A Substitute for War

Basketball philosophy

Gary Harris and the case of the stealth high risk prospect

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A sleeper name in the 2013 draft is Michigan State’s SG Gary Harris. Out of the blue ESPN’s Chad Ford put him in his lottery at 10th a few weeks ago. The tournament has given him a bigger spotlight since then, as one of the few highly ranked prospects who’s played well.

If Harris declares and projects as a lottery pick, expect to hear the word “safe” paired with him. Harris has the style of play of a role player at SG – open 3s, defense and a high IQ & feel. He lacks the speed, size or ball-handling of a standout slasher at the next level. As a result, the book on him will be this prevents star upside, but he’ll be a safe bet to contribute right away due to his perimeter polish and high IQ. The mentality behind taking a Harris top 14 is since many prospects at that range bust, why not play it safe with a reliable contributer, even if he has a lower upside?

I see this safety blanket as a myth. In fact I’d call Harris as risky as any of the other lottery prospects, if not moreso. Here’s why: If he’s bound to be a spot up shooter in the NBA, he better have that knockdown 3 point shot. A version of Gary Harris who hits 20 foot 2 pointers but can’t hit the 3, is fubar in the NBA. No team wants a spot up 20 foot shooter because of how inefficient those shots are, it’s the open 3s where the value is. Even if his feel for the game kept Harris in the NBA despite a lack of 3 point range and athleticism, it’d be as a deep bench player. And in the NBA drafting a 9th man in the lottery is no better than drafting a non-NBA talent, because deep bench players to fill out a roster can be found in free agency at any time.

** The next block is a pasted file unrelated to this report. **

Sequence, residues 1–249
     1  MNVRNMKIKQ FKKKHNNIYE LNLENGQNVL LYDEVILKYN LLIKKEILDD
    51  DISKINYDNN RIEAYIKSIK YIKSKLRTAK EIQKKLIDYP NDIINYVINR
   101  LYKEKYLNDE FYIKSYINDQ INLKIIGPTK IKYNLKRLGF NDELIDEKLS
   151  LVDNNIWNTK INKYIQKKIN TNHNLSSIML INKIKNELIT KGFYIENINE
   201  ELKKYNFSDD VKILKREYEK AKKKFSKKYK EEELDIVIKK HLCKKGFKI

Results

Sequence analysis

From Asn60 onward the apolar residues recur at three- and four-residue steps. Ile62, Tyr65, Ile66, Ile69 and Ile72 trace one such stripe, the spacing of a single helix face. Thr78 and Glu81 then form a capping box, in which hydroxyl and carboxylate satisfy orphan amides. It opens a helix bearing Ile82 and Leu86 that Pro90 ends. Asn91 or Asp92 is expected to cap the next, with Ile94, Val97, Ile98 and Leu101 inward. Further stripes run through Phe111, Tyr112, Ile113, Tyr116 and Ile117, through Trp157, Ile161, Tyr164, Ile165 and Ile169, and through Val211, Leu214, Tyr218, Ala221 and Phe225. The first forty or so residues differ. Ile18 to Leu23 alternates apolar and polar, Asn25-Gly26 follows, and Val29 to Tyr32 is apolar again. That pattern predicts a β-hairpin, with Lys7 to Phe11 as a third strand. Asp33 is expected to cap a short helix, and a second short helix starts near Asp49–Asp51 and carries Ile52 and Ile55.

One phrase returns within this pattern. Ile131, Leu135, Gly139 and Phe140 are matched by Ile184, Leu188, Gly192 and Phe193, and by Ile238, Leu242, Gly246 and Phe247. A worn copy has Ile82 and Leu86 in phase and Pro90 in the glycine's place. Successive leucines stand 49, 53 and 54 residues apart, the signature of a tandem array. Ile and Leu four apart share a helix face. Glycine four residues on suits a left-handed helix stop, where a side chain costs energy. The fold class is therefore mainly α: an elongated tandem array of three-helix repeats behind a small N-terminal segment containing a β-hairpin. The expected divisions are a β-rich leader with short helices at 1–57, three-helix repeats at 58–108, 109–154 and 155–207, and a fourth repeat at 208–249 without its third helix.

Now why Harris is considered a safe prospect, is an assumption his 3 point shooting is a guarantee to translate. Harris is sitting at 41.9% from 3. But on 65 3FGM for 155 3FGA for the season, this is subject to a small sample size. If he had gone 55 for 155, hitting 10 less 3s over the season – he’d have shot a middling 35.4%. 50 for 155 is 32.2%, 45 for 155 25.8%. 10-20 3s over the season separating these %s, is within the range of luck. Moreso, the issue is the NCAA 3 point line is a few inches shorter than the NBA version – meaning NCAA 3s aren’t a true measure of NBA range. Finally, free throw % is a relatively decent indicator of shooting mechanics, where shooting over 80% and 85% is most encouraging. Harris is at 76.6% from the FT line for the year, which is fine but not a ringing endorsement.

All of this doesn’t rule out Harris as a standout shooter at the next level. It just means it isn’t a lock that he is. And that is why Harris is risky. To avoid “bust” status as a lottery pick, he has to be a good to great shooter. If his shooting is unpredictable – with the possibility it doesn’t translate – thus there’s a risk it doesn’t translate and he busts.

This isn’t to slight Gary Harris’ upside if he pans out. With his elite feel for the game, if he added one of the best perimeter shooting games in the league, in my books that’d be enough to be an uncontested blue chip starter in the NBA even if not a slasher. I simply contest that Harris – or the “role player” prospects like him every year, are less risky than everyone else. Since the perimeter shooting polish that leads to safe label, is in fact more of an unpredictable a bet to translate than the raw athletic tools the “risky” prospects have, such as this year’s Archie Goodwin and Alex Poythress or last year’s Andre Drummond.

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Written by jr.

March 25, 2013 at 11:49 pm

Posted in Basketball

Tagged with ,

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